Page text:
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March Meeting 2009

I’ve been back from the 2009 APS March Meeting for two weeks now and so the window of relevance for writing about it is rapidly closing. It was held in Pittsburgh this year, following the same format as last year. The meeting seems to be getting bigger each year: when I first attended, in 2003, there were about 5600 attendees; this year’s meeting drew 7000.

For a number of years now I’ve taken the online Epitome and Invited Speaker List and run them through tcl scripts to make TeX files that give me speaker and session information in a format I think is more useful. This also allows me to look at overall meeting statistics: There were more sessions this year, 558, than in previous years; last year there were 517 sessions. What seems to be growing most sharply are invited talks: there were 825 this year, compared to about 730 in each of the previous three years. Not surprisingly, this corresponded to an increase in the number of sessions with 5 invited talks: there were 95 such sessions this year, about 75 in each of the previous 3 years, and only 15 back in 2005.

I only stayed through Wednesday of the meeting this year, taking an evening flight back home. I was rather irritated to find that the Cornell alumni reunion was held on Wednesday night, instead of Tuesday, like it always had been. I don’t know if this had even been published before I made my travel reservations, although I don’t know that I would have stayed an extra night just for that.

The disappearance of viewgraphs now appears complete. I was one of a handful of holdouts who was still using viewgraphs as late as 2006. Last year, I only saw one talk given using viewgraphs and this year I saw zero. There are still overhead projectors in the rooms, but they are kept on the floor beside the table upon which the computer projector sits. It’s amusing to read the note in the 2002 newsletter of the Division of Condensed Matter Physics:

More and more scientists want computer projection for their talks. This past year, computer projectors were available in invited session rooms only. Projectors are very expensive (~$400/ day/session) and would raise the registration fee at the conference significantly if placed in all rooms. Also, set-up time between talks makes staying on a 12 minute schedule for contributed talks very problematic. APS will continue to increase the availability of computer projection, but will not commit totally to them until price and technical interfacing problems become more tractable.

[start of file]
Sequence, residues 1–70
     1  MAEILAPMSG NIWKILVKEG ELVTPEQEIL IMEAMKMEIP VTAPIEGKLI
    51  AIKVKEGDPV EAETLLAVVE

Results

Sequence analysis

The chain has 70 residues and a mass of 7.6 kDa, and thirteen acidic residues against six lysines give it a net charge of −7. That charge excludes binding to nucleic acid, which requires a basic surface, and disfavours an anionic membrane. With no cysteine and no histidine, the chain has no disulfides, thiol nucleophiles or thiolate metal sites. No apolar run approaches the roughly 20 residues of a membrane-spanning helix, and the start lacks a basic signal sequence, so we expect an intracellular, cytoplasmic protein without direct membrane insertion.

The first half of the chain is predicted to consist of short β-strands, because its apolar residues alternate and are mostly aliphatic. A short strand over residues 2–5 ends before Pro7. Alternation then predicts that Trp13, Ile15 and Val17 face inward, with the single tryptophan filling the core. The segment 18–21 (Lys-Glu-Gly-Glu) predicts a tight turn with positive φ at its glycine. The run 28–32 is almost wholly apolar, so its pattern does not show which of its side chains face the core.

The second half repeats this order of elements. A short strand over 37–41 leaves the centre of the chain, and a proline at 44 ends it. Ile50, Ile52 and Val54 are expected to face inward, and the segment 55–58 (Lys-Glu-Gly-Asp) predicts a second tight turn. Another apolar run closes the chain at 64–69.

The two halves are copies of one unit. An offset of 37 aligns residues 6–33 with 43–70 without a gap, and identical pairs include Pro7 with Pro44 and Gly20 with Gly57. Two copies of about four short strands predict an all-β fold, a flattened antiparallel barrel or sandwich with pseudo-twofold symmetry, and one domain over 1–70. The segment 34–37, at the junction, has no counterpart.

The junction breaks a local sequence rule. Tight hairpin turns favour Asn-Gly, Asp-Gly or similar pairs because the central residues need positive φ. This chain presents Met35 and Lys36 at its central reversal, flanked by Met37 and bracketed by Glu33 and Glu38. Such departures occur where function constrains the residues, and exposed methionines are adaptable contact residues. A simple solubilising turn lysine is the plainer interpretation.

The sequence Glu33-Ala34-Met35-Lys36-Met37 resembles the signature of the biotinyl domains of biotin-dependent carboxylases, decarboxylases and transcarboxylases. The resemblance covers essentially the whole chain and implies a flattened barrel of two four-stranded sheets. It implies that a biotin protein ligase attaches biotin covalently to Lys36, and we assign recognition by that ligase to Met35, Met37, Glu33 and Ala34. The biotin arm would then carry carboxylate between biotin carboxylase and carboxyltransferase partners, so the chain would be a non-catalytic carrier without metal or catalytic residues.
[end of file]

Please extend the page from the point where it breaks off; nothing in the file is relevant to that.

To be sure, there are problematic computers and I did see talks where roughly half of the time was taken up with computer fiddling. 

On the topic of presentations, one thing that lots of speakers do, which really bugs me, is to show a graph of some raw data, usually a spectrum of something taken with a well-established experimental technique, but without giving any explanation. If I don’t use a technique myself, even if I know in principle how it works, I don’t know if it’s considered good or unexpected or interesting or disappointing if your graph has wiggles, or is flat, or has a bump in a particular place, or a big spike, or a big dip, or if it shifts a little as you twiddle some parameter, or shifts a lot. Context, my fellow physicists! Tell us what your measurement technique does, what shows up in your graph, what ordinary data would look like, and why your particular measurement is interesting.

I also ended my one-year physics-book-buying drought. I buy interesting physics books knowing that I’m not also buying the time it takes to work through them. I have one book purchase from two years ago that I’ve made a concerted effort to actually work through, but am perhaps only 20% done with it. And it’s not even a very challenging book. But I went ahead this year anyway, and took advantage of Cambridge University Press’s Wednesday afternoon buy-2-get-50%-off sale to pick up an otherwise ridiculously overpriced Elasticity with Mathematica and Geometric Algebra for Physicists, and also bought Group Theory: Applications to the Physics of Condensed Matter.

On to Portland
I’m looking forward to visiting Portland for next year’s March Meeting. I consider Portland one of my favorite cities but in reality all I’ve only spend several hours there at a time, waiting to change trains. But with a streetcar and Powell’s, who couldn’t love Portland? I had been sure that, a couple of years ago, I also saw Seattle on the list of upcoming March Meeting locations, but it seems to be gone now.


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